So when he has been exceptionally rotten, he has to write. We start off with 5 short sentences, and if he persists, then it goes up by 5 each time. So I waited til Mr. M (TSS) got here to make him do it. I KNEW it was going to be a fight. It wasn't long, and I raised it to 10 sentences. He was screaming at me, kicking my chair and refusing to do it. So there son, now you have to do more!
It turned into a pretty nasty meltdown. It was a tantrum at first. He was pissed. He didn't want to waste his "Mr. M time doing stupid writing." It quickly spun out of control and into a meltdown. He was screaming at me and telling me, "I SUCK! I CAN'T DO IT! MY WRITING IS HORRIBLE!" (he over heard me telling his new school I wanted an OT eval for him because his writing is not where it should be :/ ) He ended up hiding under my desk and insisting Mr. M leave the room. Odd, because he LOVES M. You see, the older Liam gets the more aware of his feelings he is. He was embarrassed. He told me later he didn't want Mr. M seeing him "so mad and so sad." Once M complied (and I felt terrible for him) Liam dried his tears, rocked a bit and banged out his writing. I even offered to knock two off for him being such a trooper. His rule abiding reply??? "No momma, you said 10 and I was bad, so I will do 10."
My plan was to let him paint pumpkins. As you know, being an autism momma is also about recognizing triggers for our kiddos. I knew that his self esteem at the moment was low and that letting him paint pumpkins may make that worse. He is such a perfectionist. Instead I decided to let him carve one. He grew 14, we have plenty to spare! He has a special kid safe knife (thank you pampered chef) that won't cut him, and he LOVES to be let loose on unsuspecting pumpkins.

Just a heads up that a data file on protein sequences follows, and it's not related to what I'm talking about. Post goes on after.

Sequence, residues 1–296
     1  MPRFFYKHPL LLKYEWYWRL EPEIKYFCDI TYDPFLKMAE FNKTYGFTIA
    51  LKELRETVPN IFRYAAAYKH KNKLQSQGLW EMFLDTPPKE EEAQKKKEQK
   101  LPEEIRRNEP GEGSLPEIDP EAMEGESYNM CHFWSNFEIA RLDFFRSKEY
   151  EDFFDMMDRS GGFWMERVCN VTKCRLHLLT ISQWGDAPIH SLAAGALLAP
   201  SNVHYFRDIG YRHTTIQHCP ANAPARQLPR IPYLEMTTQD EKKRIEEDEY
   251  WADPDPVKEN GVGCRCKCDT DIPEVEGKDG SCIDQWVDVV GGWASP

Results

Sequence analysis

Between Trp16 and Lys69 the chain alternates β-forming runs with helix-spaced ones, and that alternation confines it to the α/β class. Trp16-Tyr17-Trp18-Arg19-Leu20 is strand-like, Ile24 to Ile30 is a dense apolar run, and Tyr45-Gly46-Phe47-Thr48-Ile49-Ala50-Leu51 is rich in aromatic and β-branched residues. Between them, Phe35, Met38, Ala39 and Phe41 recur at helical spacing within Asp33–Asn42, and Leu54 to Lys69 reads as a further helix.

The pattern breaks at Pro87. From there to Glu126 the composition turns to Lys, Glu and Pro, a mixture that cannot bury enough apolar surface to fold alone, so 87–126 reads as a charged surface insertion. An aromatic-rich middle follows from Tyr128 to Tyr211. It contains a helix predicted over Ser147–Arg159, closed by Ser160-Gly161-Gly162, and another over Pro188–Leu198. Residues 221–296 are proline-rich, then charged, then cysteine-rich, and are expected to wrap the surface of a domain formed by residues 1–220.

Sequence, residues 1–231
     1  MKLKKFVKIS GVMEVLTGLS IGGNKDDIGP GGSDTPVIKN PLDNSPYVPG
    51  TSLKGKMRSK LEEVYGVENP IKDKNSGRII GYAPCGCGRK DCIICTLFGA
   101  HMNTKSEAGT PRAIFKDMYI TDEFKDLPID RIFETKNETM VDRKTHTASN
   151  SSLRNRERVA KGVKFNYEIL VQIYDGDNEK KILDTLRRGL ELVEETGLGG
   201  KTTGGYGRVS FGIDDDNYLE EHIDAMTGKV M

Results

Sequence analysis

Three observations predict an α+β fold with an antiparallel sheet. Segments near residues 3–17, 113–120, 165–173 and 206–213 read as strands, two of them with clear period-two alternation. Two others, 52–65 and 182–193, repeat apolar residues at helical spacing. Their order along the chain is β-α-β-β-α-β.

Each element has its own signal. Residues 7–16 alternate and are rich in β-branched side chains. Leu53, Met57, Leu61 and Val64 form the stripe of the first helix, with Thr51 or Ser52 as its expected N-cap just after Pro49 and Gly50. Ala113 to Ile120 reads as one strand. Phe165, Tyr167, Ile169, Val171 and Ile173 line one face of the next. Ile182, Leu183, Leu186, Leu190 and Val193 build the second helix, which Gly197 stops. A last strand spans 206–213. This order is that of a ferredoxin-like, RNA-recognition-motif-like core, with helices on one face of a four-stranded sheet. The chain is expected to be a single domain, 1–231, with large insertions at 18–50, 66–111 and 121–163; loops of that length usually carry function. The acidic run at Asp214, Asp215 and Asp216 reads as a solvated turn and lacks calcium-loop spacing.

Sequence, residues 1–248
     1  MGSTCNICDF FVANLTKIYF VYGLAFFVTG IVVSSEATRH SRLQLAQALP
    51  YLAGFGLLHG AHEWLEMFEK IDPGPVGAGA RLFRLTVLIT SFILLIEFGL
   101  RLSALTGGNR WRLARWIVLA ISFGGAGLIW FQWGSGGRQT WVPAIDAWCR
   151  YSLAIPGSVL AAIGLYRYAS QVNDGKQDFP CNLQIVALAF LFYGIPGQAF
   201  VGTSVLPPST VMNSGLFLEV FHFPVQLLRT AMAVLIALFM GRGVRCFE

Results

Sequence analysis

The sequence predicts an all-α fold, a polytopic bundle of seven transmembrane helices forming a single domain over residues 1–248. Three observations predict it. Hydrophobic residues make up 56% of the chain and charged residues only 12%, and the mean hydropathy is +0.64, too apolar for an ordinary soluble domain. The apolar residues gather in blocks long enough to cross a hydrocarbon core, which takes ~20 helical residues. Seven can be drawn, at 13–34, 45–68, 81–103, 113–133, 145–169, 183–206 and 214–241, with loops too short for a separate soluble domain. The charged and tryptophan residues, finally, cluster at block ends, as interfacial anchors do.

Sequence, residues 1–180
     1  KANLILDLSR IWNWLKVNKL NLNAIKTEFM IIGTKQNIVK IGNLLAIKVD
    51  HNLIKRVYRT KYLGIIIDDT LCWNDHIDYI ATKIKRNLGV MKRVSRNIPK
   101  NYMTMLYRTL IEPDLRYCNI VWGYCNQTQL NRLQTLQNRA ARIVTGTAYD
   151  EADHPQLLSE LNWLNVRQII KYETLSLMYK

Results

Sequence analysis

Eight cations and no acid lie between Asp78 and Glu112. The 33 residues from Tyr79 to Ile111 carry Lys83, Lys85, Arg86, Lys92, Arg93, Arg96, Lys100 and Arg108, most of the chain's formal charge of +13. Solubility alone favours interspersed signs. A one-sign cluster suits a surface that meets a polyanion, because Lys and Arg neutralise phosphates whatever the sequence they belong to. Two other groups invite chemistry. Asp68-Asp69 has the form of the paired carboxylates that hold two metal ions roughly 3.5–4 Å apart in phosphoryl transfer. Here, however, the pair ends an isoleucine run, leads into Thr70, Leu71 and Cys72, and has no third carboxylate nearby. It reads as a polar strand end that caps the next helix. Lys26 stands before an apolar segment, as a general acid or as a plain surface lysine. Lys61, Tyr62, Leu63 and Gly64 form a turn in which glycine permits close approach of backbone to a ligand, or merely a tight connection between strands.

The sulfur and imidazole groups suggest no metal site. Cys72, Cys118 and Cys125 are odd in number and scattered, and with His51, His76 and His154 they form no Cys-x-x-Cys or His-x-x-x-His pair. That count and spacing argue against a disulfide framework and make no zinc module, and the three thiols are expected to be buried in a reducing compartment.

Now, I usually draw the face on, and then let him carve it. He tells me how he wants it to look and I draw it. This year, I figured I would just let him do as he wanted to it. It would be 100% Liam. We cleaned it out, and he was off......
This is what he carved....
Now, he stepped back and looked. I could see the disdain in his little face. "Momma. I suck! I ruined it!" Oh good God, here we go again. Thank God, my brain thought quickly for a change. "No, no Liam. You didn't ruin it!" "Yes I did momma. Look at the big hole!" "Liam, you see a big hole, I see a place to put the light without me having to reach inside it. Yuck!" He smiled wide! "You're right momma!" (Yep, ALWAYS, just ask you're dad!)
He was happy with that, and was ready to move on with more carving. So, I asked him if he wanted a face on it. He did. I drew what he asked. He carved the eyes, nose and part of the mouth, then asked me to take over because his hands were tired. Those pumpkins are thick little suckers!
Liam's pumpkin :)
When he was all done, I did the redneck thing that pita always does with the pumpkins. I jammed in a solar light. So much safer than candles, and I don't have to remember to go out and light it every night. When Liam saw it with the solar light, he was very pleased with his huge hole. He later told me "Yeah momma. I carved that big hole for a reason." ;)
So, carving pumpkins turned out to be a great lesson for Liam on perspective. He learned that there isn't only one way to see something. That there is always a bright side.
redneck pumpkin lighting ;)
<3 <3 <3 <3